On reflection, however - this really is a helluva grey area, though, isn't it?

Best Regards

John M
 

Eric Sauder

Member
Nov 12, 2000
403
8
171
Hi, Tim:

Sorry for the delay in answering.

"At the time England and the US thought it was barbaric and uncivilized to attach a passenger ship with (or without?)"neutrals" as I think most people would feel today."

I'm sure most Germans didn't relish the thought of attacking a passenger liner either, but the fact remains that she *was* a potential warship and she *was* carrying contraband by the British definition. What choice did Schwieger really have?

"Great Britain, IMHO, was flexing too much muscle in preventing food and civilian supplies."

Yes, she was. That's why the Germans had to do something, and unrestricted submarine warfare was the only thing they had to pull out of their sleeve.

"I don't think the Schwieger would have had to surface to warn the Lusitania. A torpedo or two sent in their general direction would have been noticed."

That would have been a waste of a torpedo. German submarines at the time were relatively small and were able to carry a very limited number of torpedoes. The U-20 specification says that she could carry a mere six. On this particular voyage, they were able to squeeze one extra in for a total of seven. Schwieger had already used four by the time he spotted Lusitania. After he had fired the first torpedo at her, he only had two left, and both of these were in his stern tubes. To use them, he would have had to turn the submarine around, which was no easy task. Also, per his standing orders, he needed to save no less than two torpedoes for his return trip to Germany.

The simple fact is that he couldn't waste a torpedo as a warning shot. Schwieger also had to justify/account for every one he fired, and to report to his superiors that he fired a torpedo as a warning shot, when his supply was so limited, would no doubt have been met with universal displeasure.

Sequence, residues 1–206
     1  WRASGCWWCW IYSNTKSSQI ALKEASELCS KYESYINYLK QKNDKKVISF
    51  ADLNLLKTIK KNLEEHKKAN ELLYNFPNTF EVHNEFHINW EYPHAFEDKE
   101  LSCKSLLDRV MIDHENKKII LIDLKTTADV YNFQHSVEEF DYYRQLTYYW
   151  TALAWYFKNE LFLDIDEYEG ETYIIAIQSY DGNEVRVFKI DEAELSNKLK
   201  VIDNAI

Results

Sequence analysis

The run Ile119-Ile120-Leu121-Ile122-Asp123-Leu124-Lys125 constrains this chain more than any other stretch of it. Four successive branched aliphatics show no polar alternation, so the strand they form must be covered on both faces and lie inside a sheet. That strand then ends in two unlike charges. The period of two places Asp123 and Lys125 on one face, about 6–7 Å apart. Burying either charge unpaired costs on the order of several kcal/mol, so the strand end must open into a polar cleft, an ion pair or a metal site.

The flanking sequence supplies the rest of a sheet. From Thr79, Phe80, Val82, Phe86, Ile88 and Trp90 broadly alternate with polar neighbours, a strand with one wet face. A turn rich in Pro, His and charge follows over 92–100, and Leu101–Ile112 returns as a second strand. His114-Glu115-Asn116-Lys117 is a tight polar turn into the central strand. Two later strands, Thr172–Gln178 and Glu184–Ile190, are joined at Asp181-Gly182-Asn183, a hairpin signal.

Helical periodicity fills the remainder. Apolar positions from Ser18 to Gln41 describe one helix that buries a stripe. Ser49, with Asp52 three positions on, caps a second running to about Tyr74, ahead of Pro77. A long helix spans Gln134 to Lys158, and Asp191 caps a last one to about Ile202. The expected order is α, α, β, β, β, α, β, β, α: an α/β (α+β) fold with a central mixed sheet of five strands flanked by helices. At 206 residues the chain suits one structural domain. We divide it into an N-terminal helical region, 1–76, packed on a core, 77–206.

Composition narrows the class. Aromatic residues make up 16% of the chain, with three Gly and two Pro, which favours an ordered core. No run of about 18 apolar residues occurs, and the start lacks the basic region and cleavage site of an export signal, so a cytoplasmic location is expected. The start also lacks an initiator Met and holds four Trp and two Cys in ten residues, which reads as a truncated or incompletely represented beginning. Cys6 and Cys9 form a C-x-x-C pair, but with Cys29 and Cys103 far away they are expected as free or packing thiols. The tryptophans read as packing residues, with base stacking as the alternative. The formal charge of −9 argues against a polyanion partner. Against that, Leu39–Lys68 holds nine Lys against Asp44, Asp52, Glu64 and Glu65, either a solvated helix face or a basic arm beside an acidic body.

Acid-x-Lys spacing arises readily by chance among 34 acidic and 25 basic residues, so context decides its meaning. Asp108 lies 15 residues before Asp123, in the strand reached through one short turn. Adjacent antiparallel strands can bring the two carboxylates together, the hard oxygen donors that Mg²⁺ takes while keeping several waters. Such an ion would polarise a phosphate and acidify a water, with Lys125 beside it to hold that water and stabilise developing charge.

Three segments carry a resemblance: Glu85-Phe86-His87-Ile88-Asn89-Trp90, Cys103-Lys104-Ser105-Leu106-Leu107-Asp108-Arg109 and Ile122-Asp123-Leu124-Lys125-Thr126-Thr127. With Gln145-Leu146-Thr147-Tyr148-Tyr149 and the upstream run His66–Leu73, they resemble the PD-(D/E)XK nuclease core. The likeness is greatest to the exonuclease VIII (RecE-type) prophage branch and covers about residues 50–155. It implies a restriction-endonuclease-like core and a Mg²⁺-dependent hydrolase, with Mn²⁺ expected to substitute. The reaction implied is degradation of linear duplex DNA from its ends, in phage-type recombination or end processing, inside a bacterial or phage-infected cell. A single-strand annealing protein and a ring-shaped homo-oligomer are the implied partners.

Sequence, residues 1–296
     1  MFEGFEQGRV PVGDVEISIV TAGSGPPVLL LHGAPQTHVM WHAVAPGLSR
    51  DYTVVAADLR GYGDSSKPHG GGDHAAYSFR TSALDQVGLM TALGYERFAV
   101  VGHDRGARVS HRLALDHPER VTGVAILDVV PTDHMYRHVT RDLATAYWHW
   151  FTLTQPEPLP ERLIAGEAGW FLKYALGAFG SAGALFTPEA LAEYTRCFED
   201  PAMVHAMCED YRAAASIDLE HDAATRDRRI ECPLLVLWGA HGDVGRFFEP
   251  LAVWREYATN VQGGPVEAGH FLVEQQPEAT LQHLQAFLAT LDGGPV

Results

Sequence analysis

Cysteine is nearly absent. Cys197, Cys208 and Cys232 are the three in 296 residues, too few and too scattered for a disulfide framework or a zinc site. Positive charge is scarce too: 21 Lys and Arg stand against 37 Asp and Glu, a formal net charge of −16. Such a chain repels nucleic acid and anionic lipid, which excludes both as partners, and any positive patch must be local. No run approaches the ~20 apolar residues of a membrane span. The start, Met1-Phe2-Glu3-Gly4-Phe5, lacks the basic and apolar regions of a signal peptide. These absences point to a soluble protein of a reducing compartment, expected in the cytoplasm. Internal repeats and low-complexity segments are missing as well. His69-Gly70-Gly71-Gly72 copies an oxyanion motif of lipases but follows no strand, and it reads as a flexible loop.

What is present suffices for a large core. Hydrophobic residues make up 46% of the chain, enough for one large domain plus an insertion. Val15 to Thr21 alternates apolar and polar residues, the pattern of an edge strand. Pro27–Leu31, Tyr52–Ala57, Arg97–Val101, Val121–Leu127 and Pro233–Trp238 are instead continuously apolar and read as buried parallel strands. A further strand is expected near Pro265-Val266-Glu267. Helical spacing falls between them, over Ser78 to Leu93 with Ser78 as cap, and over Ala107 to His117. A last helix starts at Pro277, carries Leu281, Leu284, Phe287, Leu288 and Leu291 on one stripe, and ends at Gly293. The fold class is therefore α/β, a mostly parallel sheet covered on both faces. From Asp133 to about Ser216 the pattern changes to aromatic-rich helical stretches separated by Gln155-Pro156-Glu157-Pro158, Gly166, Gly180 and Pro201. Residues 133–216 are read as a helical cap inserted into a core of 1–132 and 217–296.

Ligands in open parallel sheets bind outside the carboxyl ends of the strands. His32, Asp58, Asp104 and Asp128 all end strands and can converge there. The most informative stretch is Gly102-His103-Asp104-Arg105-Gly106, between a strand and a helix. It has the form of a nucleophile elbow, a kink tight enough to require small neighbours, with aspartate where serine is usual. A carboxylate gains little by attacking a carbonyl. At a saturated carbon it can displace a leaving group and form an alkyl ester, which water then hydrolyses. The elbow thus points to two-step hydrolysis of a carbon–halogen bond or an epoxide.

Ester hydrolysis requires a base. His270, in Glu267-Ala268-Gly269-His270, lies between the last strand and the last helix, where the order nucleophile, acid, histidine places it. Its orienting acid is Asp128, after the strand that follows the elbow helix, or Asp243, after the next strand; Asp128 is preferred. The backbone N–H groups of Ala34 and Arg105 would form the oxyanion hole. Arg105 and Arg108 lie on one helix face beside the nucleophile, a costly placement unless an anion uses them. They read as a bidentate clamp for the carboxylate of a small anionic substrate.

But let's say Schwieger *had* fired a torpedo to warn Lusitania. The ship would have had to be very close for anyone to see the wake of the torpedo, which would have been hidden in even the slightest of swells. If she were close enough for someone to see the torpedo (which would not have been fired *at* the ship but would have been fired quite a ways ahead of her as a warning with no intention of hitting her), all Turner would have had to do would be to turn Lusitania to port and steam away. There would have been no reason for Turner to stop and risk certain destruction.

As I see it, the only way Schwieger could have warned Lusitania and still stayed relatively safe was to surface while she was still a few miles away and fire a warning shot with a deck gun. If Lusitania chose not to stop and turned her bow toward the submarine (as Turner had orders to do), the U-20 may still have had time to submerge and get into position to possibly fire a torpedo before Lusitania reached his position. But another thing Schwieger had to consider in surfacing and warning Lusitania was that a number of U-boats had tried to play by the "gentlemanly" rules of war by surfacing and warning and, as a result, had been rammed and sunk. And considering Lusitania's speed (even though it was reduced), Schwieger probably wasn't willing to take that chance.

"I thought ZZ was in any wartime situation, or where U-boats are known to exist."